Coils in electromagnetic forming operations are exposed to mechanical as well as thermal loads. Especially in case of high volume production the thermal loading due to Joule heat losses needs to be considered in the coil and process design to prevent thermal overstressing. For this purpose an analytical approach to calculate the Joule heat losses in a one-turn coil with rectangular cross section is presented. It takes the geometrical and physical properties of coil and workpiece as well as the amplitude, frequency, and damping behavior of the discharge current into account. While a simplified approach assumes a constant electrical conductivity of the coil, the enhanced approach considers the temperature-dependent course of the electrical conductivity. Verification of the analytical model is realized using a combination of experimental and numerical investigations. Fiber-optical measurements of the coil temperature are used to verify the simulation. The Joule heat loss per unit length determined with the verified numerical model is then used to evaluate the prediction quality of the analytical approach. Different conductor materials (CuCr1Zr, Cu-ETP, and EN AW-1050A), conductor geometries, and discharge energies are analyzed in this verification procedure. Compared to the numerical Joule heat prediction an average deviation of 13.1% and 9.0% is determined for the simplified and the enhanced analytical model, respectively. Especially in case of higher discharge energies the enhanced model shows an improved accuracy and should be preferred over the simplified approach. Considering complexity and accuracy, the analytical approach is a proper instrument for the thermal coil and process design in electromagnetic forming operations. © 2017 Elsevier B.V.
    view abstract10.1016/j.jmatprotec.2017.03.008
  • Ball burnishing under high velocities using a new rolling tool concept
    Hiegemann, L. and Erman Tekkaya, A.
    ASME 2017 12th International Manufacturing Science and Engineering Conference, MSEC 2017 collocated with the JSME/ASME 2017 6th International Conference on Materials and Processing 1 (2017)
    Ball burnishing is a process used to smooth rough surfaces. For not rotational symmetric parts, the process is typically conducted on milling machines. Since it is an incremental process, it is relatively time consuming. Therefore, a rolling tool is developed, which superposes the rotation of the milling spindle with the feed of the machine to increase the rolling velocity. In order to achieve constant rolling forces, hydrostatic ball burnishing tools are used. Within this work, the influence of this tool concept on the processing time as well as on the leveling of surface irregularities is investigated. This is achieved by a comparison with a conventional ball burnishing process. Finally, the rotating tool is used to investigate the influence of high rolling speeds on the leveling of the surface. All experiments were carried out with thermally coated specimens. A model for calculating the strain rates at the roughness peaks during ball burnishing is derived. For the experiments carried out with the rotating rolling tool, rolling velocities of 50,000 mm/min were realized. Calculations with the developed model showed that this results in local strain rates at the roughness peaks of up to 1,384 s-1. In addition, the flow stresses at the roughness peaks were calculated. Compared with quasi static experiments, the flow stress drops to less than the half under high velocities. This results in a better leveling of the surface for rolling velocities between 10,000 mm/min and 25,000 mm/min. A further rise of the rolling speed increases the flow stress again and thereby reduces the possible leveling. ©2017 ASME.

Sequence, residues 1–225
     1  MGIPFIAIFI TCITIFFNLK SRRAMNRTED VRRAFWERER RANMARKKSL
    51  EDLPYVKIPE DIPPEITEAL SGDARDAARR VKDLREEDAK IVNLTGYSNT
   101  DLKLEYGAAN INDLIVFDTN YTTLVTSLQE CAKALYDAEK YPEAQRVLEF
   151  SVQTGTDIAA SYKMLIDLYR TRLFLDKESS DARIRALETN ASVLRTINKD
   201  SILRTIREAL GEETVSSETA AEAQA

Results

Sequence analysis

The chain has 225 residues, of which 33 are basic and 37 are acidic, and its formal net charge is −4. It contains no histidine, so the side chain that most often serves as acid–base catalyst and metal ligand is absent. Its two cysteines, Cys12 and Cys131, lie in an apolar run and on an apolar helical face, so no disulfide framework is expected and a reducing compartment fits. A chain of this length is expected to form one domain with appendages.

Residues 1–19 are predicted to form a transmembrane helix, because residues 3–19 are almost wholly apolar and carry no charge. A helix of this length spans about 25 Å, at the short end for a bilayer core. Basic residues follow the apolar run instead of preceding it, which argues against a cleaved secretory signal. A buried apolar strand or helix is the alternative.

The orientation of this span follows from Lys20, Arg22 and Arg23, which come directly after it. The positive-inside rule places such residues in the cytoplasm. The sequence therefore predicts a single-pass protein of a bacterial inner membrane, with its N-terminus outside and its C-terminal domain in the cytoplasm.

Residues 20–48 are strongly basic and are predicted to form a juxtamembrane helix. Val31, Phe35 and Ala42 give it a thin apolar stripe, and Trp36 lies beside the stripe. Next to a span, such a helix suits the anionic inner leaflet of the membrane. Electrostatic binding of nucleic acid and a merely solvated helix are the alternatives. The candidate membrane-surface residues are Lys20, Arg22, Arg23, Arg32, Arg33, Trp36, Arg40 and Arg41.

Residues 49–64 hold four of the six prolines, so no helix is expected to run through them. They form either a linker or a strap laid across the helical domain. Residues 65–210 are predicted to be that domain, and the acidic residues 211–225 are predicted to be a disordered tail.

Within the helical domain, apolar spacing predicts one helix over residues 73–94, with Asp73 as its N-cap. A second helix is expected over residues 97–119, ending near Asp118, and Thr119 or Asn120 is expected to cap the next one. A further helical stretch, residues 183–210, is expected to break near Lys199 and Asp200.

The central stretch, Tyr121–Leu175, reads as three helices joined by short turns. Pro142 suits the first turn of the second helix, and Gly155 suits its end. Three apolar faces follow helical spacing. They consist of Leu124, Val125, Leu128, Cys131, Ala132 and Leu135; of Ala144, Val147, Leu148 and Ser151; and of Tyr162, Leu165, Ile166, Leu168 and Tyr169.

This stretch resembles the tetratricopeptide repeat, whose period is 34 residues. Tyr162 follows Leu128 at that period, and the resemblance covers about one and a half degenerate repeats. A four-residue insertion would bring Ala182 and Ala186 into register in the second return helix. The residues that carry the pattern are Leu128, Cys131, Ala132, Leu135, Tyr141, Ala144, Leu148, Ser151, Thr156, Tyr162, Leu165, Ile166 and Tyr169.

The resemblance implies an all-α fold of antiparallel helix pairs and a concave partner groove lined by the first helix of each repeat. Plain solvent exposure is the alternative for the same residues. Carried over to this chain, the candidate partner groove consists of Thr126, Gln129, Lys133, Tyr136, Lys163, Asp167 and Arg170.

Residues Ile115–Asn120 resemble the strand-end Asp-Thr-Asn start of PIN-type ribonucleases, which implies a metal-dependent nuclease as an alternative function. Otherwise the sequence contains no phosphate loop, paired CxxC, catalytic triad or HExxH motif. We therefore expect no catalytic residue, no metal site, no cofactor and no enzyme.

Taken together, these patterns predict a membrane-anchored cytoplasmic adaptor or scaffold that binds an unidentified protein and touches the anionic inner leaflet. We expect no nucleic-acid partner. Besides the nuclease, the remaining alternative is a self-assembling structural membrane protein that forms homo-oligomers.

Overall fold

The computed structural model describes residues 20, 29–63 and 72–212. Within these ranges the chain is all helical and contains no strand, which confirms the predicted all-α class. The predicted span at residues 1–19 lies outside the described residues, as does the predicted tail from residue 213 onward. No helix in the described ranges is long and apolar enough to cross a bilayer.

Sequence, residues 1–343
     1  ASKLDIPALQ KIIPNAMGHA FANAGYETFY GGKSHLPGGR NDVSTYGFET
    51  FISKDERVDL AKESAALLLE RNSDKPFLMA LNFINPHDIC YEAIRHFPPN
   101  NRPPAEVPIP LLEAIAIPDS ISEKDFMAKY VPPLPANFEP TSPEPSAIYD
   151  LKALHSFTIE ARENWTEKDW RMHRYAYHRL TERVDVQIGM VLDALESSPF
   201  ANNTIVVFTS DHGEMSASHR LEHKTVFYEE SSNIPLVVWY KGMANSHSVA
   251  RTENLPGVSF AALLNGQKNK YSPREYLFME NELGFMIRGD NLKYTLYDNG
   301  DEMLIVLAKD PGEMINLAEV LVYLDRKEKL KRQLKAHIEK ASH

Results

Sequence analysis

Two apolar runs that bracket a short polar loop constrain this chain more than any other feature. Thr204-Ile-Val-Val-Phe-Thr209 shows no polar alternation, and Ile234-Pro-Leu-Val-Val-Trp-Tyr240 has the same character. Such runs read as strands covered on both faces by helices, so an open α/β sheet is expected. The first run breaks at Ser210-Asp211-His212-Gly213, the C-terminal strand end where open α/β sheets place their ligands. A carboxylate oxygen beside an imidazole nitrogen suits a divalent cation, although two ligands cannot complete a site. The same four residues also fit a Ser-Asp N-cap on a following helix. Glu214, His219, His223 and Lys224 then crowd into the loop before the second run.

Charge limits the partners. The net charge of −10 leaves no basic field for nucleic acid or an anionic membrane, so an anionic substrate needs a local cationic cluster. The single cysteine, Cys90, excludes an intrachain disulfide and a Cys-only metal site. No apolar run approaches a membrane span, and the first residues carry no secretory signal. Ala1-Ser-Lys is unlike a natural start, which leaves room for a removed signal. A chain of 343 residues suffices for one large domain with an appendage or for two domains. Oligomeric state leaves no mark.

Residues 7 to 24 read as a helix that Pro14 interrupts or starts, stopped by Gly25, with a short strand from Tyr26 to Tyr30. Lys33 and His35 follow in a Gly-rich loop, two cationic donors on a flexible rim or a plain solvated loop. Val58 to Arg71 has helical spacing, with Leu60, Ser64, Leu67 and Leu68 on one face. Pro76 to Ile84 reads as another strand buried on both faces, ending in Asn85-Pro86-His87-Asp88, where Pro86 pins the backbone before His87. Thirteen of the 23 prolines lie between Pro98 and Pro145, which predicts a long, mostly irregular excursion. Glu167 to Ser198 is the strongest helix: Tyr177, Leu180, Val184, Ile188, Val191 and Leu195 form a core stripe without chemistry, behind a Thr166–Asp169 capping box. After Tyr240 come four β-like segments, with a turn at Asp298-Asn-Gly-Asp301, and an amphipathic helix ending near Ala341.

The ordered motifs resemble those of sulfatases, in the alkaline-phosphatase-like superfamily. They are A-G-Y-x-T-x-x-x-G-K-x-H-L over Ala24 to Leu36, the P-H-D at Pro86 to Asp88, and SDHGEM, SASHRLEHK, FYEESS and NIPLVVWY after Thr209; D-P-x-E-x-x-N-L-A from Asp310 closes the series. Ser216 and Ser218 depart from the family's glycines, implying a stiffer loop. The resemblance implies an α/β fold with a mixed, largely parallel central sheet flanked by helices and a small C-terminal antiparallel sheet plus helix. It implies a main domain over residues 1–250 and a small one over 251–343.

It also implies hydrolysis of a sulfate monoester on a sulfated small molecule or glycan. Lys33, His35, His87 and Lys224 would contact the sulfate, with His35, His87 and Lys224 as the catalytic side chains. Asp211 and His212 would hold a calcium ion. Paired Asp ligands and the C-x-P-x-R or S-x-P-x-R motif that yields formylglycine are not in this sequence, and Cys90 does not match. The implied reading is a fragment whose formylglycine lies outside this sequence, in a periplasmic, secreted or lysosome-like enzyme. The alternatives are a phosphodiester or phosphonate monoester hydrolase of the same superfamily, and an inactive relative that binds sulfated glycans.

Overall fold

view abstract10.1115/MSEC20172644
  • Combination technology of deep drawing and back-moulding for plastic/metal hybrid components
    Hopmann, C. and Schild, J. and Wurzbacher, S. and Tekkaya, A.E. and Hess, S.
    Journal of Polymer Engineering (2017)
    The combined deep drawing and back-moulding process shows great potential to reduce manufacturing costs of plastic/metal hybrids for structural components. To achieve this, a new mould technology with the components of both forming technologies is developed. By closing the mould, the inserted metal sheet is first deep drawn, and when the mould is fully closed, it is further formed by melt pressure. It can be shown that the forming quality of the second forming step mainly depends on the packing pressure. For a controlled flow of the metal, a downholder is necessary. By adjusting the downholder, force on the thinning of the metal through forming can be controlled. © 2017 Walter de Gruyter GmbH, Berlin/Boston.
    view abstract10.1515/polyeng-2017-0354
  • Deformation characteristics of thermoplastics in single point incremental forming
    Maaß, F. and Gies, S. and Tekkaya, A.E.
    AIP Conference Proceedings 1896 (2017)